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  1. Music. a more or less independent passage, at the end of a composition, introduced to bring it to a satisfactory close.
  2. Ballet. the concluding section of a ballet, especially the final part of a pas de deux.
  3. a concluding section or part, especially one of a conventional form and serving as a summation of preceding themes, motifs, etc., as in a work of literature or drama.
  4. anything that serves as a concluding part.
  5. Phonetics. the segment of a syllable following the nucleus, as the d-sound in good.Compare core1(def 14), onset(def 3).

Origin of coda

1745–55; < Italian < Latin cauda tail; cf. queue Unabridged Based on the Random House Unabridged Dictionary, © Random House, Inc. 2018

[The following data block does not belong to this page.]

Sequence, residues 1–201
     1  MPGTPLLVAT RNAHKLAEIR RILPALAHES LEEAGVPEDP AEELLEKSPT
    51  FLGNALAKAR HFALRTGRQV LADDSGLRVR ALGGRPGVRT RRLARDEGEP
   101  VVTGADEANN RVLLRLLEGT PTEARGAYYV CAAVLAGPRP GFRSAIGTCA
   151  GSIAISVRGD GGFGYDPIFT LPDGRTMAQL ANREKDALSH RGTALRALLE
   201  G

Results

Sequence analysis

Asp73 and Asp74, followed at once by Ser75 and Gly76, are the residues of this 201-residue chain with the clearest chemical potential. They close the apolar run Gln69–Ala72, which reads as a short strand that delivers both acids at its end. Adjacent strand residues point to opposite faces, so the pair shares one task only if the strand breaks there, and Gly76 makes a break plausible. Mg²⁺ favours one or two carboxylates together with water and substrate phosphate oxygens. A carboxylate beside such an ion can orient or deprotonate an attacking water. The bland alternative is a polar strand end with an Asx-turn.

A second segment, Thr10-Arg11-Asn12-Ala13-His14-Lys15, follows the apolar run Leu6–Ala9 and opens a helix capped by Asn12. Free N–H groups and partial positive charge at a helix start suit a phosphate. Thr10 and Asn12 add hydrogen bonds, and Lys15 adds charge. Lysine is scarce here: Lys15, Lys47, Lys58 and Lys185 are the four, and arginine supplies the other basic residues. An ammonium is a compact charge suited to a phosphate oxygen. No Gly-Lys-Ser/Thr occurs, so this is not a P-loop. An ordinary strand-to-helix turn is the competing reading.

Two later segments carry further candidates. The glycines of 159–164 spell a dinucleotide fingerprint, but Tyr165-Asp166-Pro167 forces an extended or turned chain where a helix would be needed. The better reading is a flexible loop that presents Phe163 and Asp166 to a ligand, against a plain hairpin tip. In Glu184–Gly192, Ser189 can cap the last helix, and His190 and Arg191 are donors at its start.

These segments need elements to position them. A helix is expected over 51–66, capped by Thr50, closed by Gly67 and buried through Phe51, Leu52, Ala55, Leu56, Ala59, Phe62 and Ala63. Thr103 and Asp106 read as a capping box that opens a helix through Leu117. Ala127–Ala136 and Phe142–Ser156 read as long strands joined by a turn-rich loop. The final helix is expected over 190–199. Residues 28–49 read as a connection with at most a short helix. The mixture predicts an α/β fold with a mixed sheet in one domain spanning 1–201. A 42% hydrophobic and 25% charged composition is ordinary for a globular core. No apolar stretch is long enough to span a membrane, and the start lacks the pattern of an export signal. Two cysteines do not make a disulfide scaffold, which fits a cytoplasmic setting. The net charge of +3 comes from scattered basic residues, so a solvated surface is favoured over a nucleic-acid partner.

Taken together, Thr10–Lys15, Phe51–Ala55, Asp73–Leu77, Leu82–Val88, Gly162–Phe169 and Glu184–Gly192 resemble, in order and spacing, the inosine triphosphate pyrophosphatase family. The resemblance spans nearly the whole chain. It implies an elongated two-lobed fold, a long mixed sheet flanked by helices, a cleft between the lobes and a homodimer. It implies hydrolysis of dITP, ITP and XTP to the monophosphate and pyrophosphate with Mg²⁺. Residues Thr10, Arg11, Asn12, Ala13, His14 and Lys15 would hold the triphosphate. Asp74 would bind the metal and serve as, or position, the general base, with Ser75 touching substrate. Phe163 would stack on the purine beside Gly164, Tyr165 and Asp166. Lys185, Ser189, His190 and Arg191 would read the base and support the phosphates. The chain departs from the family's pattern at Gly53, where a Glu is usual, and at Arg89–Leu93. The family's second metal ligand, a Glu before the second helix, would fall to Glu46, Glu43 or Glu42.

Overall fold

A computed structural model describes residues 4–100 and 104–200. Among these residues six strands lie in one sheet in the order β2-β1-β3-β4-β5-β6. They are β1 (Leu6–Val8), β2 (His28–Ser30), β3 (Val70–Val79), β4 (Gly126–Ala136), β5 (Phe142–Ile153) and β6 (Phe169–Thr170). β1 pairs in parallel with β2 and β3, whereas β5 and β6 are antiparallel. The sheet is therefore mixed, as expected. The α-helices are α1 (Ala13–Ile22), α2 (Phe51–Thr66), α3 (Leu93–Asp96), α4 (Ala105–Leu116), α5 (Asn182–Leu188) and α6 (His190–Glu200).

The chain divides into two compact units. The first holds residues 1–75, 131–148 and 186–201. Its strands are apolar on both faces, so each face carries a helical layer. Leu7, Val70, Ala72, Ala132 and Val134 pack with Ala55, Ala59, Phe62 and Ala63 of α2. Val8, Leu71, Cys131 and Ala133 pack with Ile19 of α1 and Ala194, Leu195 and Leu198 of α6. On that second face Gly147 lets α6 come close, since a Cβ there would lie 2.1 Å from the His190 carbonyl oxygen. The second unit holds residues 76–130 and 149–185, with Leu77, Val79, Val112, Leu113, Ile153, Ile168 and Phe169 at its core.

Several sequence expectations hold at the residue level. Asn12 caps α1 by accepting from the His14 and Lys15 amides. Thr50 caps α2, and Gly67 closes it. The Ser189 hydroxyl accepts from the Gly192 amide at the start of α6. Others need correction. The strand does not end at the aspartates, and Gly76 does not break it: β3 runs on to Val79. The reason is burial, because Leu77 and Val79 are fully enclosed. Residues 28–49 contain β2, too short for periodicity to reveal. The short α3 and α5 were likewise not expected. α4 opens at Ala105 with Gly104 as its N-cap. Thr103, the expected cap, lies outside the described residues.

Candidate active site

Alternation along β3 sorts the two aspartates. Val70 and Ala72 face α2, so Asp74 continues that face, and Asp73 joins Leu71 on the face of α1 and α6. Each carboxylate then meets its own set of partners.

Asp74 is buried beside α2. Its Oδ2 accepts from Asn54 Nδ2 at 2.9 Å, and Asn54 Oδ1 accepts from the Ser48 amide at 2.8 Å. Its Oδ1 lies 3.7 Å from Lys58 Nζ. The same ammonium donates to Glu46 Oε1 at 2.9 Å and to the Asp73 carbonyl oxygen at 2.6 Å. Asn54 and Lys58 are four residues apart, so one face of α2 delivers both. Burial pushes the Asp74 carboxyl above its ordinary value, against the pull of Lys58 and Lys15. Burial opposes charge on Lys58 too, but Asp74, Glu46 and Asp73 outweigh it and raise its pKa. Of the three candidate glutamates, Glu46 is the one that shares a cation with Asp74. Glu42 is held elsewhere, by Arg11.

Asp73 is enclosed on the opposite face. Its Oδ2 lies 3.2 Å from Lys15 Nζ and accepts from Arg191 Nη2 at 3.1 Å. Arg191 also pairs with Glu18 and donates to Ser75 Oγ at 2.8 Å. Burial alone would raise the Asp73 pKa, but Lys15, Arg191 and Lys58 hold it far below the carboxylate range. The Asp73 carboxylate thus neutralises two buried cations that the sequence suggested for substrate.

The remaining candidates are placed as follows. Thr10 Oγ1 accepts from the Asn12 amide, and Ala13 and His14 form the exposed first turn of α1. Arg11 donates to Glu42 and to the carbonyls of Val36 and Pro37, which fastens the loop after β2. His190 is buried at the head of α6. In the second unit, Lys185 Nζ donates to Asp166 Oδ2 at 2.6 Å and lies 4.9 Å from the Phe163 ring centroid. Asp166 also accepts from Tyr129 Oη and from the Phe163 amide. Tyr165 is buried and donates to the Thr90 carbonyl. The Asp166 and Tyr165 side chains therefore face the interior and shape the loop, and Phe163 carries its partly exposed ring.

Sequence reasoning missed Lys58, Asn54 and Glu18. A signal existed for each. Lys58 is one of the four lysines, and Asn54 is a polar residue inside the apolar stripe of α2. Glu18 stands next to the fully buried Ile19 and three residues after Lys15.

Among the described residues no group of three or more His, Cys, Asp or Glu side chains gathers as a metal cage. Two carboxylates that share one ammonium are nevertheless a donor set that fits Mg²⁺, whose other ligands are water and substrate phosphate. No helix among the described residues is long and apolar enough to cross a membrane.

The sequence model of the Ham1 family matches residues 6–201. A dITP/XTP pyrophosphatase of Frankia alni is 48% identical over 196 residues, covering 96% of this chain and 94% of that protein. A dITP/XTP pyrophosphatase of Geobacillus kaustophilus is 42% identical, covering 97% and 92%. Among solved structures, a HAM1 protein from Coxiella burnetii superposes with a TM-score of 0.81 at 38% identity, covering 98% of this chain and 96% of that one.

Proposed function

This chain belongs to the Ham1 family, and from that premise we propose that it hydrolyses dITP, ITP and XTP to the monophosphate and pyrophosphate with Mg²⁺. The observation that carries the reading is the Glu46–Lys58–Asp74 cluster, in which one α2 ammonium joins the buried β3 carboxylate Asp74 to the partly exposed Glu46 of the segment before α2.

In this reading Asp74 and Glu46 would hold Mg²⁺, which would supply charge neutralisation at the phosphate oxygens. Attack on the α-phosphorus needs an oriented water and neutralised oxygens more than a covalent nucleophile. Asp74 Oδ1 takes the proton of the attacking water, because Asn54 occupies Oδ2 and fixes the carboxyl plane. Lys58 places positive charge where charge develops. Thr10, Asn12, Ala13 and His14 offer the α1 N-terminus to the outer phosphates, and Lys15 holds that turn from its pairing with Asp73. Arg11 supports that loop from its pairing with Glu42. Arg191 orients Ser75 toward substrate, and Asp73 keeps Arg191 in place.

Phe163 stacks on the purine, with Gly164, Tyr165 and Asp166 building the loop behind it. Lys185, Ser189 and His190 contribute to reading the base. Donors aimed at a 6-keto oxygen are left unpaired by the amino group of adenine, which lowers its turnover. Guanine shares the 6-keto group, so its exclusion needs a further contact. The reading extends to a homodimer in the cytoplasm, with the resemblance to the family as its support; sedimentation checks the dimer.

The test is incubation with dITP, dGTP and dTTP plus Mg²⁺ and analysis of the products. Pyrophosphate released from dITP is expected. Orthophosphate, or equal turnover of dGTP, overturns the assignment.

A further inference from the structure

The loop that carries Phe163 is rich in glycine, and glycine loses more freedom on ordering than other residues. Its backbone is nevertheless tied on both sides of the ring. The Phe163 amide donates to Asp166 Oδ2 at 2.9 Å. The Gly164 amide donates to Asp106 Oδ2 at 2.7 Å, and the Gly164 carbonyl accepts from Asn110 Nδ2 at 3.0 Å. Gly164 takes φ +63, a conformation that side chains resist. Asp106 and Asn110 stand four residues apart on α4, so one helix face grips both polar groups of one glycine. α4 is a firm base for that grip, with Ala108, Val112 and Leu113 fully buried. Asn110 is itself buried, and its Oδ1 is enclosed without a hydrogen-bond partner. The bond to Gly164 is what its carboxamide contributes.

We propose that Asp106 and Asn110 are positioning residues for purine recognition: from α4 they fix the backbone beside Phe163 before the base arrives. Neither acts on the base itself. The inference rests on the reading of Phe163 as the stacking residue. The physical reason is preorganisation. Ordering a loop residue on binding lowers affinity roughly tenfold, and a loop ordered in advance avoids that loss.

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Historical Examples of coda

British Dictionary definitions for coda


  1. music the final, sometimes inessential, part of a musical structure
  2. a concluding part of a literary work, esp a summary at the end of a novel of further developments in the lives of the characters

Word Origin for coda

C18: from Italian: tail, from Latin cauda
Collins English Dictionary - Complete & Unabridged 2012 Digital Edition © William Collins Sons & Co. Ltd. 1979, 1986 © HarperCollins Publishers 1998, 2000, 2003, 2005, 2006, 2007, 2009, 2012

Word Origin and History for coda

"concluding passage in a musical composition," 1753, from Latin cauda "tail of an animal."

Online Etymology Dictionary, © 2010 Douglas Harper

coda in Culture


An ending to a piece of music, standing outside the formal structure of the piece. Coda is the Italian word for “tail.”

The New Dictionary of Cultural Literacy, Third Edition Copyright © 2005 by Houghton Mifflin Harcourt Publishing Company. Published by Houghton Mifflin Harcourt Publishing Company. All rights reserved.